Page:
maturity premium

Extra average return from investing in longversus short-term Treasury securities.

Maturity spread

The spread between any two maturity sectors of the bond market.

Monthly income preferred security (MIP)

preferred stock issued by a subsidiary located in a tax haven.
The subsidiary relends the money to the parent.

Net adjusted present value

The adjusted present value minus the initial cost of an investment.

Net present value

A discounted cash flow methodology that uses a required rate of
return (usually a firm’s cost of capital) to determine the present value of a stream of
future cash flows, resulting in a net positive or negative value.

net present value method

a process that uses the discounted
cash flows of a project to determine whether the
rate of return on that project is equal to, higher than, or
lower than the desired rate of return

Net present value (NPV)

The present value of the expected future cash flows minus the cost.

Net present value (NPV)

A discounted cash flow technique used for investment appraisal that calculates the present value of future cash flows and deducts the initial capital investment.

net present value (NPV)

Equals the present value (PV) of a capital investment
minus the initial amount of capital that is invested, or the entry cost
of the investment. A positive NPV signals an attractive capital investment
opportunity; a negative NPV means that the investment is substandard.

Net Present Value (NPV)

The present value of all future cash inflows minus the present value
of all cash outflows

net present value (NPV)

the difference between the present values of all cash inflows and outflows for an investment project

net present value (NPV)

present value of cash flows minus initial investment.

Net Present Value (NPV) Method

A method of ranking investment proposals. NPV is equal to the present value of the future returns, discounted at the marginal cost of capital, minus the present value of the cost of the investment.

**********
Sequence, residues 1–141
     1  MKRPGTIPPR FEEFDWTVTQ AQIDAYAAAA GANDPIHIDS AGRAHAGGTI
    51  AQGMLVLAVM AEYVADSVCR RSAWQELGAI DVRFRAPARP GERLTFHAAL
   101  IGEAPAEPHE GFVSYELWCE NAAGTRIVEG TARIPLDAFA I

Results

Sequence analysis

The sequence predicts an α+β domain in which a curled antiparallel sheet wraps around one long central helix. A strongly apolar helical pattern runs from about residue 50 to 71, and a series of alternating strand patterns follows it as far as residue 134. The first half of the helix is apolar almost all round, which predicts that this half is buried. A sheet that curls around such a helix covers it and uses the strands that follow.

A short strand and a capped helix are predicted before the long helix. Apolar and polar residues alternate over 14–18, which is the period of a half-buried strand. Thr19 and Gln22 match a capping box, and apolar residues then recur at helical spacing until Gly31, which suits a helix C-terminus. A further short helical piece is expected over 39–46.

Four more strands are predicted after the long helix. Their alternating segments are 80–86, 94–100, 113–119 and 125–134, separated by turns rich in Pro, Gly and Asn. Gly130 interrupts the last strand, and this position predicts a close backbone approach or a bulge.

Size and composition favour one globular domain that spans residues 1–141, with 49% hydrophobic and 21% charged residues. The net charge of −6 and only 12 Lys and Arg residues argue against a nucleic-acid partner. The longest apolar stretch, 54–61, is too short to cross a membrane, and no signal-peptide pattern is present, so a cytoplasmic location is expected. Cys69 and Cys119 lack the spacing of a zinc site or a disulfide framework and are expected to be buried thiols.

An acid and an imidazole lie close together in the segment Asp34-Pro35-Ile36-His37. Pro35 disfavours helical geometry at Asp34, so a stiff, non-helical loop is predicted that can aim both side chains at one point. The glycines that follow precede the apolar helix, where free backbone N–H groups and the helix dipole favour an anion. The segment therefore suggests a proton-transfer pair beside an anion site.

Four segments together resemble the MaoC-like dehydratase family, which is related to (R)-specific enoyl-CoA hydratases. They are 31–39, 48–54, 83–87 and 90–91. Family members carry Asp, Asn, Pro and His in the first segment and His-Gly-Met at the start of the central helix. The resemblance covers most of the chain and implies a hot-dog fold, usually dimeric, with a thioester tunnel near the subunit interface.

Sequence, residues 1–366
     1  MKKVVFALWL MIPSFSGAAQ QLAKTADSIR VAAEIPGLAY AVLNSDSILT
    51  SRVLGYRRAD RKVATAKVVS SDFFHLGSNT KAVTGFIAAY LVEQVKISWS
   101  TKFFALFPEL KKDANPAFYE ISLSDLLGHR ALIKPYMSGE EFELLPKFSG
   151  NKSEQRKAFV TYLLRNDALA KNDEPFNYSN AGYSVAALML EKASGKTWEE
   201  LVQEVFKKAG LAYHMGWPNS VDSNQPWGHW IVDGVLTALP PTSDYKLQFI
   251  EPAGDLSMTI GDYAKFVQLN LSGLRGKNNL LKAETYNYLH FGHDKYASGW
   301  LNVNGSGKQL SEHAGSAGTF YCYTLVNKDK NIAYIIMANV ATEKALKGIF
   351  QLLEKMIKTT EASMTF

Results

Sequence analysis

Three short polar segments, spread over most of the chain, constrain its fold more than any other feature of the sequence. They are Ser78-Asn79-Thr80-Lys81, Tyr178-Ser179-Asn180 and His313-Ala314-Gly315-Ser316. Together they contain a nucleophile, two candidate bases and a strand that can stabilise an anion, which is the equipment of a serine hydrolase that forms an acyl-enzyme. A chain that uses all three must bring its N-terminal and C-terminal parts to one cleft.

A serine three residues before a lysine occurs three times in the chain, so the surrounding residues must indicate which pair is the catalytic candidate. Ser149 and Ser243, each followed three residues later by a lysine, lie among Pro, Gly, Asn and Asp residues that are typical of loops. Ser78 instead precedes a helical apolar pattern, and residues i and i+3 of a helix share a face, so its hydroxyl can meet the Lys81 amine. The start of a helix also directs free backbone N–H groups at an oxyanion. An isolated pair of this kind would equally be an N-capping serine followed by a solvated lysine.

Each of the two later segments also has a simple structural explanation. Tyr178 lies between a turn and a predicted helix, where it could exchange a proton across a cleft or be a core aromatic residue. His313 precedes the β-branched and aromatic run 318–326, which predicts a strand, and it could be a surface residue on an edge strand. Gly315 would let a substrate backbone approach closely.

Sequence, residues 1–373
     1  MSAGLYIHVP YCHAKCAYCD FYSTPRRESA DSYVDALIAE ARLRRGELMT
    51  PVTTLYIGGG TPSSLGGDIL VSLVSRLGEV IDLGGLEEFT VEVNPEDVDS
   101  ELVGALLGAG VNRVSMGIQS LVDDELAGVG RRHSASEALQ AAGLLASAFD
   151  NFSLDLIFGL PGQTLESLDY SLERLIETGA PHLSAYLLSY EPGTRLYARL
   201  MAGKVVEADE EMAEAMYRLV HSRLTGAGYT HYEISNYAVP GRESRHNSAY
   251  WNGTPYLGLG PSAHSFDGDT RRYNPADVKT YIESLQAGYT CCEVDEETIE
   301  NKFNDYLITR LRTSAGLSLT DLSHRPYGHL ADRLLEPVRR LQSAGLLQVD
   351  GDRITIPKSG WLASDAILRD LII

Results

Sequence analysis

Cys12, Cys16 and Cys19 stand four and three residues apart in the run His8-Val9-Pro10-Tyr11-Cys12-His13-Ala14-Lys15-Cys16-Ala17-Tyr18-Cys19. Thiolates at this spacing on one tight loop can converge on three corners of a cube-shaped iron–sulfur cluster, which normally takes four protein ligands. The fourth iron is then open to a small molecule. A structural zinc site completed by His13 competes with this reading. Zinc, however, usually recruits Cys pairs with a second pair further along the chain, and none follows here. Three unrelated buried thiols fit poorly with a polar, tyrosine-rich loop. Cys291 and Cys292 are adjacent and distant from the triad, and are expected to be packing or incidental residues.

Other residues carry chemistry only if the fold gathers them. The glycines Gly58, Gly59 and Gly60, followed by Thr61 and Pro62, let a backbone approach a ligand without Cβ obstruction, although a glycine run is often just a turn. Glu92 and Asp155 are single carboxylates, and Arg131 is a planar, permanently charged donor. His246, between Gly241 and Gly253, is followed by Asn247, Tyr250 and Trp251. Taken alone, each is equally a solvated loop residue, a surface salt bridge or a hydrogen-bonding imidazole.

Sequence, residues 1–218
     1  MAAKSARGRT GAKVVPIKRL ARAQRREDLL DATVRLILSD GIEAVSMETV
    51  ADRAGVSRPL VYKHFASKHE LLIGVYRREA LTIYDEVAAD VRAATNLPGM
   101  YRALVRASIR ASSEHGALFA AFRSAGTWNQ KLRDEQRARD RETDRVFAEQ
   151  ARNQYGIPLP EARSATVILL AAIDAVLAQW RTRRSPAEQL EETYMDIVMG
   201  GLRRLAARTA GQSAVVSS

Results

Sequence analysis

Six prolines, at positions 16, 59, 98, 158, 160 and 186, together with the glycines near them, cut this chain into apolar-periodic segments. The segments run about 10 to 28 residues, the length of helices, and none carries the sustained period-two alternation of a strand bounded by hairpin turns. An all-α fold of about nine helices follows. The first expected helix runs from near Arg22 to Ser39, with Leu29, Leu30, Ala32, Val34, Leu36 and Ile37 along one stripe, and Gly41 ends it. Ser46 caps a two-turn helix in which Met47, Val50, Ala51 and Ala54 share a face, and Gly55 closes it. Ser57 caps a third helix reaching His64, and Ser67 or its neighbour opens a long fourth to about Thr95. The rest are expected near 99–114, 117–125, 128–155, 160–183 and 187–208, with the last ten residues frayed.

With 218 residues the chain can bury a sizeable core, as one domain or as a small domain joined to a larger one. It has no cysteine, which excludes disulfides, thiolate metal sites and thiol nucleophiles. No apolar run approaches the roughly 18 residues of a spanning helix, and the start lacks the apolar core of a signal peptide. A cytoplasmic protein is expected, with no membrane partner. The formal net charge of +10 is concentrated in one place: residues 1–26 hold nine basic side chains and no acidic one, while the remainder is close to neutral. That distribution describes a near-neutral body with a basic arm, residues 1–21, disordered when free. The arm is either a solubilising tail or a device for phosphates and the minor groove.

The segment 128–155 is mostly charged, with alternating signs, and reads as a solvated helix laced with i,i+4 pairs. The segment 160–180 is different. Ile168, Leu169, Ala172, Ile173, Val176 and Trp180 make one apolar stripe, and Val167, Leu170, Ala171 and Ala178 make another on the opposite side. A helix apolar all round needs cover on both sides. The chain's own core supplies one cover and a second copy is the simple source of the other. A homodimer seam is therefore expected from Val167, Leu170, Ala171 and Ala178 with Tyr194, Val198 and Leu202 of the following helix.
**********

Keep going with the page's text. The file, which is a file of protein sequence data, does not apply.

Net present value of future investments

The present value of the total sum of NPVs expected to result from
all of the firm's future investments.

Net present value of growth opportunities

A model valuing a firm in which net present value of new
investment opportunities is explicitly examined.

Net present value rule

An investment is worth making if it has a positive NPV. Projects with negative NPVs
should be rejected.

Non-cumulative preferred stock

preferred stock whose holders must forgo dividend payments when the
company misses a dividend payment.
Related: Cumulative preferred stock

North American Free Trade Agreement (NAFTA)

an agreement among Canada, Mexico, and the United States establishing the North American Free trade Zone, with a resulting reduction in trade barriers

NPV (net present value of cash flows)

Same as PV, but usually includes a subtraction for an initial cash outlay.

Option-adjusted spread (OAS)

1) The spread over an issuer's spot rate curve, developed as a measure of
the yield spread that can be used to convert dollar differences between theoretical value and market price.
2) The cost of the implied call embedded in a MBS, defined as additional basis-yield spread. When added to the
base yield spread of an MBS without an operative call produces the option-adjusted spread.

Option premium

The option price.

Posttrade benchmarks

Prices after the decision to trade.







Related to : financial, finance, business, accounting, payroll, inventory, investment, money, inventory control, stock trading, financial advisor, tax advisor, credit.

Copyright© 2018